Dementia expert shares early symptoms of the brain condition

Alzheimer's Society explains what vascular dementia is

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Bernadette Mossman is the Healthcare Director at the UK’s leading provider of specialist dementia care Vida Healthcare. Mossman said the five most common types of dementia are Alzheimer’s disease, vascular disease, dementia with Lewy bodies, frontotemporal dementia, and mixed dementia. Focusing on vascular dementia, the NHS says this brain-robbing condition affects around 150,000 people in the UK.

The symptoms of vascular dementia can include:

  • Slowness of thought
  • Difficulty with planning and understanding
  • Problems with concentration
  • Changes to your mood, personality or behaviour
  • Feeling disoriented and confused
  • Difficulty walking and keeping balance.

If you experience any of those symptoms, it’s advisable to book a doctor’s appointment.

However, Mossman pointed out a key fact “we must remember” when looking out for signs of dementia.

“It can therefore be tricky to spot the signs and symptoms early on as they can vary from person to person.”

Generalised symptoms of dementia, no matter the type, could involve:

  • Memory loss
  • Difficulty concentrating
  • Finding it hard to carry out familiar daily tasks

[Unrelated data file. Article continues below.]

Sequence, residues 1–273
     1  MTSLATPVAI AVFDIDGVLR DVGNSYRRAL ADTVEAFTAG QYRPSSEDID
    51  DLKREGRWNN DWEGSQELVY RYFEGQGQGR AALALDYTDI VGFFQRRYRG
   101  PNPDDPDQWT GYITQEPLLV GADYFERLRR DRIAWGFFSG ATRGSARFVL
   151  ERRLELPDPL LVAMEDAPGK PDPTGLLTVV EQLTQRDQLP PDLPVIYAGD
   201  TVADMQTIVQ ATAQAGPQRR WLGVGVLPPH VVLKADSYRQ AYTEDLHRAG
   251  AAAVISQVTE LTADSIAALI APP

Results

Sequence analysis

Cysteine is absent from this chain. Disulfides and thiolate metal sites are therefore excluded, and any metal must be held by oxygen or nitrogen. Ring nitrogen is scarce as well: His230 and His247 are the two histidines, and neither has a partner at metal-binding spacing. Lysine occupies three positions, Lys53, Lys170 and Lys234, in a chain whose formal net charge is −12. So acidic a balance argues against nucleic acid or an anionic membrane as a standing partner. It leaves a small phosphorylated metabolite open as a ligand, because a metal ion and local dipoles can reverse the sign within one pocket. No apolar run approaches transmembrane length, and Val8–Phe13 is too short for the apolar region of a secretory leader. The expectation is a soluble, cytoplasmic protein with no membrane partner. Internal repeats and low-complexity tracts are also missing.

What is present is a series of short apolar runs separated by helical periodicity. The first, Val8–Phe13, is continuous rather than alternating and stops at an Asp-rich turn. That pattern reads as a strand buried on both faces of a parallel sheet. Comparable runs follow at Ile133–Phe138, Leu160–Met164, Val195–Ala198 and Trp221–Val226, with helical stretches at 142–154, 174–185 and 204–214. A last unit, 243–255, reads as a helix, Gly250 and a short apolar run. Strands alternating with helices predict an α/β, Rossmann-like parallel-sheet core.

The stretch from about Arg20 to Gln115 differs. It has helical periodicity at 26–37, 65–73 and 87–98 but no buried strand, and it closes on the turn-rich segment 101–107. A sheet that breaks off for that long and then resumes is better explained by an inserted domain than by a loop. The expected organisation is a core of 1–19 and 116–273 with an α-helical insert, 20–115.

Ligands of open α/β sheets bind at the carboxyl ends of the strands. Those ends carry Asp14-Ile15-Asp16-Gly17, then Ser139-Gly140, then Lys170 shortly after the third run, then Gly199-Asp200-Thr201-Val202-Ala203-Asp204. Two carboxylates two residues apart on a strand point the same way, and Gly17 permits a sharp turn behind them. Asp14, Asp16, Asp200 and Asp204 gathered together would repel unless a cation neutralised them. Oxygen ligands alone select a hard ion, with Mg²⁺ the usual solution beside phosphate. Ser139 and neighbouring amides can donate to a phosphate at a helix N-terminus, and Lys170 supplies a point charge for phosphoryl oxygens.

• Struggling to follow a conversation
  • Being confused about time and place
  • Mood changes.

While there can be different causes for dementia, Mossman highlights the typical mechanism behind the onset of symptoms.

“Generally, the development of symptoms is due to the abnormal build-up of proteins in the brain,” Mossman stated.

The build-up of proteins in the brain “causes nerve cells to function less efficiently and eventually die”.

Mossman explained: “As the nerve cells die, different areas of the brain shrink, leading to the brain functioning in a different way.”

She added: “The earlier that someone is diagnosed, the quicker the right care and support can be delivered to them.

“Diagnosis also supports research into the causes of dementia and the development of new treatments.

“The more people that are diagnosed, and the earlier it’s caught, the better we’ll understand this collection of symptoms and how to treat them.”

Working on behalf of Vida Healthcare, Mossman said: “There are a multitude of ways that we can support people living with dementia.”

Vascular dementia

There are three main reasons why vascular dementia could develop, the NHS says.

The reasons range from small vessel disease to mini-strokes, to full-blown strokes.

All of these lead to reduced blood flow to the brain, which damages and eventually kills brain cells.

People most at risk of vascular dementia have high blood pressure, smoke, and eat an unhealthy diet.

Other risk factors include:

  • High blood cholesterol
  • Lack of exercise
  • Being overweight or obese
  • Diabetes
  • Drinking too much alcohol
  • Atrial fibrillation – a type of irregular heartbeat (arrhythmia) – and other types of heart disease.

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